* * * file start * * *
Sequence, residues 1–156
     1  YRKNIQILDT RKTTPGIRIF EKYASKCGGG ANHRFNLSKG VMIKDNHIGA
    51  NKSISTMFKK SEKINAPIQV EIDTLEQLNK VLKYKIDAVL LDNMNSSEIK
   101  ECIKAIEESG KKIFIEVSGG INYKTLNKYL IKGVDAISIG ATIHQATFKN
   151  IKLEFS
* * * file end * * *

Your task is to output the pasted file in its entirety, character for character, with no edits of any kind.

Sequence, residues 1–156
     1  YRKNIQILDT RKTTPGIRIF EKYASKCGGG ANHRFNLSKG VMIKDNHIGA
    51  NKSISTMFKK SEKINAPIQV EIDTLEQLNK VLKYKIDAVL LDNMNSSEIK
   101  ECIKAIEESG KKIFIEVSGG INYKTLNKYL IKGVDAISIG ATIHQATFKN
   151  IKLEFS